Ohio State University (OSU) has a long history of paving the way for veterinary education, clinical practice and medical research. As one of the oldest vet schools in the country, it’s Doctor of Veterinary Medicine (DVM) program consistently ranks in the top five programs in North America.
While the program is highly regarded, other factors like cost of attendance and the amount of student loan debt in your future should be at the forefront of your decision-making process.
Although OSU vet school costs more than other top-ranking programs, it’s graduates carry relatively the same amount of debt as other veterinarian grads.
If you’re originally from Ohio, Ohio State vet school may be worth the cost. However, if you don’t qualify for in-state residency for tuition purposes, you’re better off choosing a different university to avoid burying yourself in unnecessary veterinary student debt. Let’s look at the specifics.
OSU vet school tuition and cost of attendance
OSU’s DVM program is a four-year professional program that accepts 162 new students annually. Each academic year consists of two semesters (August — May), but the fourth year consists of three semesters (May — May). So naturally, your final year will cost more.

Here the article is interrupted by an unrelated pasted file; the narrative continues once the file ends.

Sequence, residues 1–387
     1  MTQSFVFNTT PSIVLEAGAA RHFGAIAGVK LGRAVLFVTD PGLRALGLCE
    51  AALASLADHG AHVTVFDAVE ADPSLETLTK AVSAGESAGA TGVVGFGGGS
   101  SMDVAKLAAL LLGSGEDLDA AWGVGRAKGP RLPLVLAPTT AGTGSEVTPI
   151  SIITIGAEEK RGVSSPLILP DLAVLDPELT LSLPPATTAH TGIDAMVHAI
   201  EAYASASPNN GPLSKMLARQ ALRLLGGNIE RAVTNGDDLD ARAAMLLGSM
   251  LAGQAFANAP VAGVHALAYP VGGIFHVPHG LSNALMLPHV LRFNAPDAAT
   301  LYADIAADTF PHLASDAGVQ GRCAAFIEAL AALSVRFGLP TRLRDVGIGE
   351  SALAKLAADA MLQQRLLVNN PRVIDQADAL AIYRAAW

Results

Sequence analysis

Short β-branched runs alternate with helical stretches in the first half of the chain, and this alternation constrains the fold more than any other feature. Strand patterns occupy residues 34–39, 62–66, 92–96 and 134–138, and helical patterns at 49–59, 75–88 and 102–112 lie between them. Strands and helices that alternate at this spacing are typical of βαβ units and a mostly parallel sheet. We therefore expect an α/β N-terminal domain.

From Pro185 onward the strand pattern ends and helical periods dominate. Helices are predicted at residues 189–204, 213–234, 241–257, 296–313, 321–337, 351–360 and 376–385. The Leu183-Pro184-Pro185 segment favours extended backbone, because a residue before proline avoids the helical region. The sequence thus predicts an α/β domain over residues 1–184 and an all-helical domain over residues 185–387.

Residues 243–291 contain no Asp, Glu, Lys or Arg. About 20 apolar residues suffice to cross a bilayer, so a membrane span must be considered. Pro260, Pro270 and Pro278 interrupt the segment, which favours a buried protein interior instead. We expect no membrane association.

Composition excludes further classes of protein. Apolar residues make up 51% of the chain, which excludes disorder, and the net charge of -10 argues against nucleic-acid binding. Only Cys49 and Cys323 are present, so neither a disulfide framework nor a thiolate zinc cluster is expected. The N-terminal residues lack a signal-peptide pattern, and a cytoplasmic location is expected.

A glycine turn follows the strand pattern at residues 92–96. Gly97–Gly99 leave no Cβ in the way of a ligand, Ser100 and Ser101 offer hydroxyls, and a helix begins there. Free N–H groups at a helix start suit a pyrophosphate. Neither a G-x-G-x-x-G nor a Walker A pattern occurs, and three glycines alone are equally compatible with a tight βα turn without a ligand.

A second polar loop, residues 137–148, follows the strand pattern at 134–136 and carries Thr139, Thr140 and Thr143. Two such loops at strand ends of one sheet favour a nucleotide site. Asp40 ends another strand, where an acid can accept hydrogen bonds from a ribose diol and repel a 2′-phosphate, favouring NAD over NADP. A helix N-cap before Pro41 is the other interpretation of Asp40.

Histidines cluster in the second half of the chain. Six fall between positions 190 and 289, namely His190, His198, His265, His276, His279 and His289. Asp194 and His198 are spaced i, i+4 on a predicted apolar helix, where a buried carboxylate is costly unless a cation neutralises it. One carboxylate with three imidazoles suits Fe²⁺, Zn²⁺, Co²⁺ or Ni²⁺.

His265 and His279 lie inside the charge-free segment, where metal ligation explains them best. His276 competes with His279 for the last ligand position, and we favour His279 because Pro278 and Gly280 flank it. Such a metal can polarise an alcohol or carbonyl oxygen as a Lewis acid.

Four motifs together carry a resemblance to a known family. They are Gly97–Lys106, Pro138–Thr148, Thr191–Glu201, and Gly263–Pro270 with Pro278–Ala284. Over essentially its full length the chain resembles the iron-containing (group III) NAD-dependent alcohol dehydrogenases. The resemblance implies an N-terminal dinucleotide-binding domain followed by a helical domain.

|Tuition||Year 1||Year 2||Year 3||Year 4|
Non-residents aren’t as fortunate. They are charged a non-resident fee on top of the standard tuition that everyone pays. Ohio taxpayers fund a tuition subsidy for Ohio residents only, which means out-of-state students don’t qualify for the subsidized rate. If you aren’t an Ohio resident, you can expect to pay a whopping total of roughly $325,000 for your degree. Ohio residents can expect to pay around $150,000 for tuition and fees over the duration of their DVM degree.
To avoid paying these outrageous non-resident fees, you could file for residency once you’ve settled in and confirmed your desire to finish out the program in Ohio. Otherwise, the steep non-resident fee may be reason enough to choose a different vet school with a more reasonable tuition.
Don’t forget about miscellaneous costs
But wait, there’s more! You’ll need to factor in the cost of living expenses and other necessary expenditures. OSU estimates the cost of rent, food, transportation, supplies, immunizations and other related costs to be around $20,000 a year. Keep in mind you’ll have an extra bump in expenses during your final year to account for the extra term.